Many of the ancestors of Dalriadan families who arrived in North America still live in communities along the east coast of Canada and the United States. In the American War of Independence many of the original settlers traveled north to Canada as United Empire Loyalists. In the late 19th and early 20th centuries the ancestors of many Scots began recovering their collective national heritage through Clan societies, highland games, and other patriotic events. Research into the origins of individual families in North America revealed records of the immigration of a number of people bearing the name Neiledge or a variant listed above: Daniel Macneil, who arrived in Boston in 1652; James Macneil, who arrived in Boston in 1652; Daniel Macneele, who arrived in Maryland in 1674; Hector MacNeale, who arrived in Virginia in 1700.

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Motto


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Motto



The motto was originally a war cry or slogan. Mottoes first began to be shown with arms in the 14th and 15th centuries, but were not in general use until the 17th century. Thus the oldest coats of arms generally do not include a motto. Mottoes seldom form part of the grant of arms: Under most heraldic authorities, a motto is an optional component of the coat of arms, and can be added to or changed at will; many families have chosen not to display a motto.

Motto: Vincere vel mori
Motto Translation: To conquer or die.


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Neiledge Family Crest Products


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Neiledge Family Crest Products




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See Also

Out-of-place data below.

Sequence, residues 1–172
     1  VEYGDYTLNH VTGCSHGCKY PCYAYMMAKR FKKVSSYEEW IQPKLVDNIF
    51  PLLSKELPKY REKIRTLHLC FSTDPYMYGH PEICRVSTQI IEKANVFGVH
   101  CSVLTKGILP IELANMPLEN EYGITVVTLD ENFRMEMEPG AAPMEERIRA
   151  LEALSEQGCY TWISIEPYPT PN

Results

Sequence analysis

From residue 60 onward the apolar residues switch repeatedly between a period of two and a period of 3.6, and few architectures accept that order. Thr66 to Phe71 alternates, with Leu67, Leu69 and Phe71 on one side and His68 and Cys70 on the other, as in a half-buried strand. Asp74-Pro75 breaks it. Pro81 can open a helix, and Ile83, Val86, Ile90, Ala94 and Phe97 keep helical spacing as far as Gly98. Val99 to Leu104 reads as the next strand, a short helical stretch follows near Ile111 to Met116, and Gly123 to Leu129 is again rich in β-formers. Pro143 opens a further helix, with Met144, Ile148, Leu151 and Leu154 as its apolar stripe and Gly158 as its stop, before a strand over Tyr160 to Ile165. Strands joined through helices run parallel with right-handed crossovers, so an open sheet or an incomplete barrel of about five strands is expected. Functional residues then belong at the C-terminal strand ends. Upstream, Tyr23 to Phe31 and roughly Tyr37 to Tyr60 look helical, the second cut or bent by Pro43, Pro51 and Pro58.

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See Also




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Citations


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Citations



    Other References

    1. Prebble, John. The Highland Clearances. London: Secker & Warburg, 1963. Print.
    2. Markale, J. Celtic Civilization. London: Gordon & Cremonesi, 1976. Print.
    3. Samuelsen, W. David. New York City Passenger List Manifests Index 1820 - 1824. North Salt Lake, Utah: Accelerated Indexing Systems International, 1986. Print.
    4. Burke, John Bernard Ed. The Roll of Battle Abbey. Baltimore: Genealogical Publishing. Print.
    5. Matthews, John. Matthews' American Armoury and Blue Book. London: John Matthews, 1911. Print.
    6. Best, Hugh. Debrett's Texas Peerage. New York: Coward-McCann, 1983. Print. (ISBN 069811244X).
    7. Barrow, G.W.S Ed. Acts of Malcom IV 1153-65 Volume I Regesta Regum Scottorum 1153-1424. Edinburgh: Edinburgh University Press, 1960. Print.
    8. Colletta, John P. They Came In Ships. Salt Lake City: Ancestry, 1993. Print.
    9. Bell, Robert. The Book of Ulster Surnames. Belfast: Blackstaff, 1988. Print. (ISBN 10-0856404160).
    10. Bolton, Charles Knowles. Scotch Irish Pioneers In Ulster and America. Montana: Kessinger Publishing. Print.
    11. ...

    The Neiledge Family Crest was acquired from the Houseofnames.com archives. The Neiledge Family Crest was drawn according to heraldic standards based on published blazons. We generally include the oldest published family crest once associated with each surname.

    This page was last modified on 27 May 2013 at 13:59.